Southwestern Energy Company is asking the Pennsylvania Supreme Court to reverse a lower court’s decision that overturned decades of the state’s oil and gas law by defining hydraulic fracturing that drains oil and gas stored in shale rock formations from beneath neighboring properties as a form of trespass.
For more than 100 years, Pennsylvania’s “rule of capture” allowed drilling companies to sink wells on one property and drain oil and gas originating beneath neighboring properties without it being considered trespass. In April, a state appeals court decided this no longer applies to fracking in tight rock formations such as the Marcellus Shale, where gas doesn’t flow as freely or generally escape without great effort.
Southwestern Energy says the lower court’s ruling will throw “the law surrounding oil and gas rights into chaos.”
No Evidence of Trespass
Bob Dick, a senior policy analyst with the Commonwealth Foundation and a policy advisor to The Heartland Institute, which publishes Environment & Climate News, says the question in the case is the dispute over how natural gas migrates.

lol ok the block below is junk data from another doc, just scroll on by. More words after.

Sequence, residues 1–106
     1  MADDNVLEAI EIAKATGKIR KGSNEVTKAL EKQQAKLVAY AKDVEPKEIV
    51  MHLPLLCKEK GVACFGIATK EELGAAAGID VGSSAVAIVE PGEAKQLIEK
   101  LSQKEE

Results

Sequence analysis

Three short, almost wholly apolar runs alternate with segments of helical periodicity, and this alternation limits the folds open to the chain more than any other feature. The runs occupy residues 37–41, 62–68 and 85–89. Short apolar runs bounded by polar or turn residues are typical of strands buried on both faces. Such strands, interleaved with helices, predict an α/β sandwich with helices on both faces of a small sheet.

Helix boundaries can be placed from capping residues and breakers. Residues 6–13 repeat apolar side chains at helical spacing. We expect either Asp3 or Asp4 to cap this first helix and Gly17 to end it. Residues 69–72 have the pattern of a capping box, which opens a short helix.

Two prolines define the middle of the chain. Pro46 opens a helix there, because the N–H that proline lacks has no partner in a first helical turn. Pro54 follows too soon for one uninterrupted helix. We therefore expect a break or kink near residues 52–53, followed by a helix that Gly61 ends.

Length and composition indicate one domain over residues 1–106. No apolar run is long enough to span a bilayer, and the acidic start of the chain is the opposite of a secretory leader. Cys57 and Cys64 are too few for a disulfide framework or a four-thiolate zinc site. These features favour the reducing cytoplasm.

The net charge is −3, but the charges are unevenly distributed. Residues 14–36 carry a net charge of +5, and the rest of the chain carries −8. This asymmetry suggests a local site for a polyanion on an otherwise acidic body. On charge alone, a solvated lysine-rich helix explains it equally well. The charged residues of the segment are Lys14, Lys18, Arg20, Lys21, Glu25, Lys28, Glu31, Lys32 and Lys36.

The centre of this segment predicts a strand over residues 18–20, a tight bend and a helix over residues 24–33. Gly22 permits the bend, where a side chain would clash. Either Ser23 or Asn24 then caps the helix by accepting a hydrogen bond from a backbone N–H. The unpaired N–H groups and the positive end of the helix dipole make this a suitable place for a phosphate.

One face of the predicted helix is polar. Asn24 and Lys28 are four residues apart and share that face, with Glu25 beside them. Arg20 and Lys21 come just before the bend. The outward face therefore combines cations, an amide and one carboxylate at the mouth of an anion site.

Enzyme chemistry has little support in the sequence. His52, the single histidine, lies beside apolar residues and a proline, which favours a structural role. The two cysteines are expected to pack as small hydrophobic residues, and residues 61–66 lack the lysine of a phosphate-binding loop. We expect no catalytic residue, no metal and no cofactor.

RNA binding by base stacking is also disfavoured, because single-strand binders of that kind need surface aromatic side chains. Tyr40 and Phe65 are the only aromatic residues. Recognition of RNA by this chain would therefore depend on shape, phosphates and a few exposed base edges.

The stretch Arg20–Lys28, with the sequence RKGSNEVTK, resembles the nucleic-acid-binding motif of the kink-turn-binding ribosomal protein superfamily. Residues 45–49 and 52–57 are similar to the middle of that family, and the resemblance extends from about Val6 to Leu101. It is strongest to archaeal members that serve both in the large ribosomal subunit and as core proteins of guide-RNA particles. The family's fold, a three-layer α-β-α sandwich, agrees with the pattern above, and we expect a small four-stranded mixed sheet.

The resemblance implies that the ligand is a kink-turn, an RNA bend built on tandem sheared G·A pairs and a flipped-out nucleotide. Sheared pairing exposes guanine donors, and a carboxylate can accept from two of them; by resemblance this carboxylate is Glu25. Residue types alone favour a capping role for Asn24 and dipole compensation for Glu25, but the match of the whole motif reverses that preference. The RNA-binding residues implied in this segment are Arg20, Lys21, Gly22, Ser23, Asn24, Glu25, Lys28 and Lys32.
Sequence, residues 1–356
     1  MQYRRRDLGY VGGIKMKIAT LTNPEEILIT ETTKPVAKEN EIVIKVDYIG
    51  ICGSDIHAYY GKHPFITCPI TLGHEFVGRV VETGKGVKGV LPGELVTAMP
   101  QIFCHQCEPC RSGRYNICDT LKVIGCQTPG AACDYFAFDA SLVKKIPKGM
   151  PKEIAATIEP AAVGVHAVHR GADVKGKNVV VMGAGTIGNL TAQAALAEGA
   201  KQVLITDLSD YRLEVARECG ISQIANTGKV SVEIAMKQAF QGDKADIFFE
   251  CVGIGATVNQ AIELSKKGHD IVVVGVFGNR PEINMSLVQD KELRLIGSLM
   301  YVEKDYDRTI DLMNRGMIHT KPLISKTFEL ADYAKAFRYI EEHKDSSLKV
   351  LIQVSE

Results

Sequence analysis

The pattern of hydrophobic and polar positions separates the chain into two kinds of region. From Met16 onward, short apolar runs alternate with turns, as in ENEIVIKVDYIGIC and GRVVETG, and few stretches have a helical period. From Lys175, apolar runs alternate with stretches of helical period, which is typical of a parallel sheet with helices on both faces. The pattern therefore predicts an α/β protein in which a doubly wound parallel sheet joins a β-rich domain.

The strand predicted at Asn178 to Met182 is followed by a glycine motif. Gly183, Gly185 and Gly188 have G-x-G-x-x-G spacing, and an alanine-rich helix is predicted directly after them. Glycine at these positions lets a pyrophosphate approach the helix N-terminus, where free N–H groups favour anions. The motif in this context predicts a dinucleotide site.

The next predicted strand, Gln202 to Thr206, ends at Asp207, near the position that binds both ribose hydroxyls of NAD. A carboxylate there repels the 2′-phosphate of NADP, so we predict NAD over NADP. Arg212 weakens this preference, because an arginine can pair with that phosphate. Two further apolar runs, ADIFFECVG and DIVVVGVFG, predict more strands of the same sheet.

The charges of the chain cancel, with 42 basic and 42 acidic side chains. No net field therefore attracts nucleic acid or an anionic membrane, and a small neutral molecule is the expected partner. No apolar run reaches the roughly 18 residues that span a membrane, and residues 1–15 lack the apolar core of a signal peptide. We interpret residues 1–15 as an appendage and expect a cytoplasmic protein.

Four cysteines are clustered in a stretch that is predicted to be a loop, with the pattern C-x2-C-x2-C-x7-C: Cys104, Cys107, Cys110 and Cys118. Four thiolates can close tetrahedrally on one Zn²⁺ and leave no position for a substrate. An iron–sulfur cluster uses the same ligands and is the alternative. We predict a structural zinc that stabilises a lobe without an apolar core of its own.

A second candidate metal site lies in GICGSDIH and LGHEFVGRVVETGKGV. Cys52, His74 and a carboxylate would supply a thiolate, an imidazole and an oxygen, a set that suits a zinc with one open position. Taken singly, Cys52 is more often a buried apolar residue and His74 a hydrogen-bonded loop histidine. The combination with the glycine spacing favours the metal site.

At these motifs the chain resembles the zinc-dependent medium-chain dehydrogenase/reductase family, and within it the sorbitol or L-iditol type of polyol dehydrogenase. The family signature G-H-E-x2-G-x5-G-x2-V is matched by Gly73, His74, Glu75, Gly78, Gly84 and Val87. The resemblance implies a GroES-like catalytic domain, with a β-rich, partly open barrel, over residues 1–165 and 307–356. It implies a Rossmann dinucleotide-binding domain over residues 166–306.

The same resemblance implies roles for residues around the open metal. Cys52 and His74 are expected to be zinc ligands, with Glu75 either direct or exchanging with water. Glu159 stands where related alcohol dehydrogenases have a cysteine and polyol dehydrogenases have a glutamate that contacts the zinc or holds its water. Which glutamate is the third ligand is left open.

“Southwestern argues they can’t be held liable for trespass because their operations never extended into the Briggs’ property,” Dick said. “Instead, they used the fracking process on their own property to capture natural gas, which they say naturally migrated from the Briggs’ property.
“If this is true, then there is no violation under the rule of capture,” said Dick.
Dick says the plaintiffs should have had to prove Southwestern trespassed physically onto their property.
Says Court Was Wrong
As a reservoir engineer for more than 40 years, Gary Stone, executive vice president of engineering at Five States Energy Company, is very familiar with the geological and legal aspects of oil and gas production. He says the case was decided incorrectly.
“The Pennsylvania Superior Court ruled ‘natural gas, when trapped in a shale formation, is non-migratory in nature,’ which is technically incorrect,” Stone said. “Over long periods of time, hydrocarbons migrate from shales to generally shallower sand or carbonate formations, where they are trapped by a variety of factors. Shales are also subject to natural geologic fracturing along stress boundaries, and movement can occur in this fashion.”
Stone says the court also mistakenly concluded the rule of capture applies only “whenever such flow occurs solely through the operation of natural agencies in a normal manner, as distinguished from artificial means applied to stimulate such a flow.”
“Again, incorrect, since wells have been hydraulically fracked since the late 1940s, fractured by nitroglycerine before that, and stimulated with acid to encourage flow for over 120 years, and these wells have never been excluded from rulings involving capture,” Stone said. “For instance, in the Coastal v Garza Energy ruling in 2008, the Supreme Court of Texas held hydraulic fracturing was not an actionable trespass.”
Kenneth Artz ([email protected]) writes from Dallas, Texas.